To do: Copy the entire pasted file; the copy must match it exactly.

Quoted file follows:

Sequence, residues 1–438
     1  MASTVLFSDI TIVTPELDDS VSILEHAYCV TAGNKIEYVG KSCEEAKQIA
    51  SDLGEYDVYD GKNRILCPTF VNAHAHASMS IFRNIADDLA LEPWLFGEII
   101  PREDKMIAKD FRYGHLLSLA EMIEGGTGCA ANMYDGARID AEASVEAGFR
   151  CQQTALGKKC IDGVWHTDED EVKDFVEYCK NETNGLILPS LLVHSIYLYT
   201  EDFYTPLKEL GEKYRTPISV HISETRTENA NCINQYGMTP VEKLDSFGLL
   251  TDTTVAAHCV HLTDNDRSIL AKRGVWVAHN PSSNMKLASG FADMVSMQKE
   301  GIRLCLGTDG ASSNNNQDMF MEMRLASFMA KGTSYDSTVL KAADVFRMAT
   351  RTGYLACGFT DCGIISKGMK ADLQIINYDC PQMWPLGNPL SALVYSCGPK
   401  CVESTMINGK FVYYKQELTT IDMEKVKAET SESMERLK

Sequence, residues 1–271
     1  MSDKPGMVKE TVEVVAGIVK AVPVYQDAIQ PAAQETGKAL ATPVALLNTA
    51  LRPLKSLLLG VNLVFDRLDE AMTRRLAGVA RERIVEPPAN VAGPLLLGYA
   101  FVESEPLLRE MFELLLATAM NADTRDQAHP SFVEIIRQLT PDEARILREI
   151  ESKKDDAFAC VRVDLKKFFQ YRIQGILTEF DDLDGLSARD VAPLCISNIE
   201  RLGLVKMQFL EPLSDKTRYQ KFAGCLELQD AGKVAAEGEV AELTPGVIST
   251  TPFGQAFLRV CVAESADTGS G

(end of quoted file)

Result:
Sequence, residues 1–438
     1  MASTVLFSDI TIVTPELDDS VSILEHAYCV TAGNKIEYVG KSCEEAKQIA
    51  SDLGEYDVYD GKNRILCPTF VNAHAHASMS IFRNIADDLA LEPWLFGEII
   101  PREDKMIAKD FRYGHLLSLA EMIEGGTGCA ANMYDGARID AEASVEAGFR
   151  CQQTALGKKC IDGVWHTDED EVKDFVEYCK NETNGLILPS LLVHSIYLYT
   201  EDFYTPLKEL GEKYRTPISV HISETRTENA NCINQYGMTP VEKLDSFGLL
   251  TDTTVAAHCV HLTDNDRSIL AKRGVWVAHN PSSNMKLASG FADMVSMQKE
   301  GIRLCLGTDG ASSNNNQDMF MEMRLASFMA KGTSYDSTVL KAADVFRMAT
   351  RTGYLACGFT DCGIISKGMK ADLQIINYDC PQMWPLGNPL SALVYSCGPK
   401  CVESTMINGK FVYYKQELTT IDMEKVKAET SESMERLK

Sequence, residues 1–271
     1  MSDKPGMVKE TVEVVAGIVK AVPVYQDAIQ PAAQETGKAL ATPVALLNTA
    51  LRPLKSLLLG VNLVFDRLDE AMTRRLAGVA RERIVEPPAN VAGPLLLGYA
   101  FVESEPLLRE MFELLLATAM NADTRDQAHP SFVEIIRQLT PDEARILREI
   151  ESKKDDAFAC VRVDLKKFFQ YRIQGILTEF DDLDGLSARD VAPLCISNIE
   201  RLGLVKMQFL EPLSDKTRYQ KFAGCLELQD AGKVAAEGEV AELTPGVIST
   251  TPFGQAFLRV CVAESADTGS G